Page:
• Ghent University, Dept. Biology, Ghent, Belgium
  • Biological invasions, Coexistence, Colonization, Community ecology, Competition, Demography, Dispersal & Migration, Eco-evolutionary dynamics, Evolutionary ecology, Experimental ecology, Food webs, Foraging, Habitat selection, Interaction networks, Landscape ecology, Life history, Maternal effects, Phenotypic plasticity, Population ecology, Soil ecology, Spatial ecology, Metacommunities & Metapopulations, Terrestrial ecology
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Sexual segregation in a highly pagophilic and sexually dimorphic marine predator
Christophe Barbraud, Karine Delord, Akiko Kato, Paco Bustamante, Yves Cherel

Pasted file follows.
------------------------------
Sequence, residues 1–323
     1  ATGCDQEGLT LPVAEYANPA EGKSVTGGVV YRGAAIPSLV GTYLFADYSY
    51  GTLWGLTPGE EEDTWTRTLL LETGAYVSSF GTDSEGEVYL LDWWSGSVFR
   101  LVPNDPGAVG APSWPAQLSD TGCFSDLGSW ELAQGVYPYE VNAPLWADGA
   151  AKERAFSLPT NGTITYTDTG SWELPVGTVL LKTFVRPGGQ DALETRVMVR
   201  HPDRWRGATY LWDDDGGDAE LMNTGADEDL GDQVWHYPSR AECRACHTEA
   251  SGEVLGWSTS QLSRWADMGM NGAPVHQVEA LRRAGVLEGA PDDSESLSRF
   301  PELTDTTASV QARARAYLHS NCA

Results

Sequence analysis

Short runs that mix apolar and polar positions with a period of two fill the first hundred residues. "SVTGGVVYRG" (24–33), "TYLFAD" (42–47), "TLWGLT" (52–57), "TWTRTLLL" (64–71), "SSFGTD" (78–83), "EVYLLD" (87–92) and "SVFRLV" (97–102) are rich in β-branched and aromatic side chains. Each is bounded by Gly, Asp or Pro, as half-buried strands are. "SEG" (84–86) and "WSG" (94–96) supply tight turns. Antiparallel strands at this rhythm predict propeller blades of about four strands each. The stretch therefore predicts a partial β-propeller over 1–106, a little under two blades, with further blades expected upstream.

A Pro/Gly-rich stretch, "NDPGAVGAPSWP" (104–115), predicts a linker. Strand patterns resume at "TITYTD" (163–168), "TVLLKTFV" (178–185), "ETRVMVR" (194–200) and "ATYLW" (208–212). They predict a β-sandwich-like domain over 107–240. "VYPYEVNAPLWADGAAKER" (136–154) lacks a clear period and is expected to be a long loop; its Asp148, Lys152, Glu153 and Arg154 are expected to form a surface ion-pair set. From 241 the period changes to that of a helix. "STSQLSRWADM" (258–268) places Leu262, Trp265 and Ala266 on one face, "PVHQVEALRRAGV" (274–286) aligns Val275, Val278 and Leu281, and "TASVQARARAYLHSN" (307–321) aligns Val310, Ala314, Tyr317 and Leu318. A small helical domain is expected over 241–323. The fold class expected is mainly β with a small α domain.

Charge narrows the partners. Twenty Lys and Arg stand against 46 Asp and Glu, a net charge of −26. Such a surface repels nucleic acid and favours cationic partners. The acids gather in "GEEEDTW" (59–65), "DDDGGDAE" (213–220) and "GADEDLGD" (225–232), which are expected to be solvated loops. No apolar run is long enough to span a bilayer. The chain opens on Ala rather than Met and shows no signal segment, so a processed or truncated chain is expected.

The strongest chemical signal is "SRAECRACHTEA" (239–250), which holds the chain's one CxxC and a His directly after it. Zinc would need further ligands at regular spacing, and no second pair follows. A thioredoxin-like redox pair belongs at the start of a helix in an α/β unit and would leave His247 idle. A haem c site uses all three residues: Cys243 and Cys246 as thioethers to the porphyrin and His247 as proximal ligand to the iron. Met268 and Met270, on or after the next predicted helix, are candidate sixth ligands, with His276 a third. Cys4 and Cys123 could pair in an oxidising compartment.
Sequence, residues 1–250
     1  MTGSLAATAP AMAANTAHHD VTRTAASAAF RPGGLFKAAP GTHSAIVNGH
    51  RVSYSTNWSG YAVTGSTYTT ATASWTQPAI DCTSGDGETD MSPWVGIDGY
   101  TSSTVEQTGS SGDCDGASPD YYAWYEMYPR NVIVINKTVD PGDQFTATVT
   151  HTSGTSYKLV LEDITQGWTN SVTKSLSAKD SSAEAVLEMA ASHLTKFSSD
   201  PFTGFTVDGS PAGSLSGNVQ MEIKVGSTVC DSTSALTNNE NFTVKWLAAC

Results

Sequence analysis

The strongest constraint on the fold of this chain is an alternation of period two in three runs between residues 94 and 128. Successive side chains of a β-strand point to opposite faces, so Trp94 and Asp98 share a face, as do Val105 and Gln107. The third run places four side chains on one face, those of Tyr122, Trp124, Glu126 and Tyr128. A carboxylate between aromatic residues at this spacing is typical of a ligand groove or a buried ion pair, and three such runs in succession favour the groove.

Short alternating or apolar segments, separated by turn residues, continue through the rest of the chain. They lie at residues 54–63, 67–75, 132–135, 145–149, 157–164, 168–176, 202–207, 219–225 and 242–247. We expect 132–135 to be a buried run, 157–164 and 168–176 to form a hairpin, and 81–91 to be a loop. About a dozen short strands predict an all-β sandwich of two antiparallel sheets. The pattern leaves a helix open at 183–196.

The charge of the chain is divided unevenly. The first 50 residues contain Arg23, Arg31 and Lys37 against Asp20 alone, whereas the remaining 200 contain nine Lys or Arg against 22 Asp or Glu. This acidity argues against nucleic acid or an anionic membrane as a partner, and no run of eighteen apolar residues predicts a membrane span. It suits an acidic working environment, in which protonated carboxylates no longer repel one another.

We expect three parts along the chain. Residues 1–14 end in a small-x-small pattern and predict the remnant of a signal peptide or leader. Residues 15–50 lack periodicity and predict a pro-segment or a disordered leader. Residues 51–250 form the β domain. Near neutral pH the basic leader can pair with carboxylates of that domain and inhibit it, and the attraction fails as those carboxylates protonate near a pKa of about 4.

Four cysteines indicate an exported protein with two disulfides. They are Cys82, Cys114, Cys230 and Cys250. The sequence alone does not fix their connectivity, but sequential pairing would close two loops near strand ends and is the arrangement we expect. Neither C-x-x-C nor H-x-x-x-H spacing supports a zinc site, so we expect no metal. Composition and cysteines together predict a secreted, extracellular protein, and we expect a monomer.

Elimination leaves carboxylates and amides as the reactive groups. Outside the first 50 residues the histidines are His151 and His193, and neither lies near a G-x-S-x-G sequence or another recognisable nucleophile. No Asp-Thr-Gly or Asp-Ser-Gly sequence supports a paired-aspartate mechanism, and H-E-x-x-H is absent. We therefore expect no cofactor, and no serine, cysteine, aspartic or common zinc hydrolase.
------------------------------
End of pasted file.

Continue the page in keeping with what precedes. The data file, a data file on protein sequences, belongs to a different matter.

Recommended by Denis RĂ©ale based on reviews by Dries Bonte and 1 anonymous reviewer
Sexual segregation in a sexually dimorphic seabird: a matter of spatial scale

Sexual segregation appears in many taxa and can have important ecological, evolutionary and conservation implications. Sexual segregation can take two forms: either the two sexes specialise in different habitats but share the same area (habitat segregation), or they occupy the same habitat but form separate, unisex groups (social segregation) [1,2]. Segregation would have evolved as a way to avoid, or at least, reduce intersexual competition.
Testing whether social or habitat segregation is...